It’s been 10 years since the first episodes of Planet Earth aired on the BBC, and in celebration, the network asked some nature-focused YouTube creators to nominate their favorite moments from the mini-series. Those scenes have now been strung together in a beautiful compilation video, which was spotted by Kottke.org.
Planet Earth aired as the most expensive nature documentary ever commissioned by the BBC and its first in high definition, so it’s no surprise that the series was full of amazing imagery. From footage of lions and elephants shot entirely at night, to the hilarious-looking mating dance of the bird-of-paradise, there are plenty of memorable moments to look back on before you watch the new Planet Earth II, which comes to BBC America in January.
You will have to sit through some narration from various YouTubers, but it's helpful to hear them describe what exactly is going on in the context of the episode, and the images themselves are more than worth it.
If you’ve been thinking of adding a four-legged friend to your brood and are deciding whether a shelter dog is right for you, consider this: Some of history’s most amazing pooches—from four-legged movie stars to heroic rescue dogs—were found in animal shelters. In honor of Adopt-a-Shelter-Dog Month, here are 25 shelter dogs who made it big.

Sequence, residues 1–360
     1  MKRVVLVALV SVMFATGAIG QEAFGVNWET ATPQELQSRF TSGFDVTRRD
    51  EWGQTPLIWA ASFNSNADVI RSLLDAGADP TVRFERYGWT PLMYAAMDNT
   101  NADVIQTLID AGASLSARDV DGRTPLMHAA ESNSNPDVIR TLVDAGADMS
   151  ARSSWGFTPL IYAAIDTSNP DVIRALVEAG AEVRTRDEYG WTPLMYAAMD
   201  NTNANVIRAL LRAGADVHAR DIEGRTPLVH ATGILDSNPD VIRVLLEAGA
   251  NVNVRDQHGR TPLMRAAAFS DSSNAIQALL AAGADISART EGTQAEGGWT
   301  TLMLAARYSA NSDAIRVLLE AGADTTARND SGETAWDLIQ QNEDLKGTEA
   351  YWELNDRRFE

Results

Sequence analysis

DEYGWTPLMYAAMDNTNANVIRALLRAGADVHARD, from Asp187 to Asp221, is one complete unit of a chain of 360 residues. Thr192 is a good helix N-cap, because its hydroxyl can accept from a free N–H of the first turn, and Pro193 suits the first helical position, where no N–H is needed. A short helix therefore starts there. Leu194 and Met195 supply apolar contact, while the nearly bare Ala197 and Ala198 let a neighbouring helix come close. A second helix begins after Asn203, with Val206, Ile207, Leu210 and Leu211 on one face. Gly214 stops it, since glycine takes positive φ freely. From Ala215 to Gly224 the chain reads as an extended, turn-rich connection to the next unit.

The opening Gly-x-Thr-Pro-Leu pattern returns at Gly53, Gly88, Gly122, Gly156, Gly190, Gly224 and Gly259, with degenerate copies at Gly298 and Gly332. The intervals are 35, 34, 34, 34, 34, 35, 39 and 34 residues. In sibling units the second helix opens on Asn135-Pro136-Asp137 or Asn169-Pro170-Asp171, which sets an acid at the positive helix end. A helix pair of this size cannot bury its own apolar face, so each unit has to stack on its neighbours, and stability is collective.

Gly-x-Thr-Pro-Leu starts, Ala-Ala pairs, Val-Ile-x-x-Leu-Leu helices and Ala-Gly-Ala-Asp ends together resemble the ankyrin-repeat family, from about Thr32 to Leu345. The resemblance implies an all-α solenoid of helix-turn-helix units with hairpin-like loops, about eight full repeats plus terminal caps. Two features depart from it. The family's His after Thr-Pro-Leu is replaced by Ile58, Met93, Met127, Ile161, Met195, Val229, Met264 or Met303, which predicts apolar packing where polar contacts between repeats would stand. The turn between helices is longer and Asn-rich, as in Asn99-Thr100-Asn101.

Octopuses can do some pretty amazing things with their skin, like “see” light, resist the pull of their own sticky suction cups, and blend in seamlessly with their surroundings. That last part now has the U.S. Army interested, as Co.Design reports. The military branch’s research office has funded the development a new type of morphing material that works like an octopus’s dynamic skin.
The skin of an octopus is covered in small, muscular bumps called papillae that allow them to change textures in a fraction of a second. Using this mechanism, octopuses can mimic coral, rocks, and even other animals. The new government-funded research—conducted by scientists at Cornell University—produced a device that works using a similar principle.
“Technologies that use stretchable materials are increasingly important, yet we are unable to control how they stretch with much more sophistication than inflating balloons,” the scientists write in their study, recently published in the journal Science. “Nature, however, demonstrates remarkable control of stretchable surfaces.”
The membrane of the stretchy, silicone material lays flat most of the time, but when it’s inflated with air, it can morph to form almost any 3D shape. So far, the technology has been used to imitate rocks and plants.
You can see the synthetic skin transform from a two-dimensional pad to 3D models of objects in the video below:
It’s easy to see how this feature could be used in military gear. A soldier’s suit made from material like this could theoretically provide custom camouflage for any environment in an instant. Like a lot of military technology, it could also be useful in civilian life down the road. Co.Design writer Jesus Diaz brings up examples like buttons that appear on a car's dashboard only when you need them, or a mixing bowl that rises from the surface of the kitchen counter while you're cooking.
Even if we can mimic the camouflage capabilities of cephalopods, though, other impressive superpowers, like controlling thousands of powerful suction cups or squeezing through spaces the size of a cherry tomato, are still the sole domain of the octopus. For now.